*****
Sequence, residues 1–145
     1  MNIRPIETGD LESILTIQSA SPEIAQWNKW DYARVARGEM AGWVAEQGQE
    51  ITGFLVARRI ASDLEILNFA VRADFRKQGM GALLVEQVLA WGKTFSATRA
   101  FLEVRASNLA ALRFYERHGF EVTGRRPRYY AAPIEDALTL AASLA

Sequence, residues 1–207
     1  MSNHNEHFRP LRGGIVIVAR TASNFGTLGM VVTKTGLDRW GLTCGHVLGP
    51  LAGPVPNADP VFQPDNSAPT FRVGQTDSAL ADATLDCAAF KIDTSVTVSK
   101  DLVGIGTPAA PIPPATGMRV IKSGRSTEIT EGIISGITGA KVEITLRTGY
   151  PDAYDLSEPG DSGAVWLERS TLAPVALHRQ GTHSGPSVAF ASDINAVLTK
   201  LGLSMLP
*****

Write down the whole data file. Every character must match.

Sequence, residues 1–145
     1  MNIRPIETGD LESILTIQSA SPEIAQWNKW DYARVARGEM AGWVAEQGQE
    51  ITGFLVARRI ASDLEILNFA VRADFRKQGM GALLVEQVLA WGKTFSATRA
   101  FLEVRASNLA ALRFYERHGF EVTGRRPRYY AAPIEDALTL AASLA

Sequence, residues 1–207
     1  MSNHNEHFRP LRGGIVIVAR TASNFGTLGM VVTKTGLDRW GLTCGHVLGP
    51  LAGPVPNADP VFQPDNSAPT FRVGQTDSAL ADATLDCAAF KIDTSVTVSK
   101  DLVGIGTPAA PIPPATGMRV IKSGRSTEIT EGIISGITGA KVEITLRTGY
   151  PDAYDLSEPG DSGAVWLERS TLAPVALHRQ GTHSGPSVAF ASDINAVLTK
   201  LGLSMLP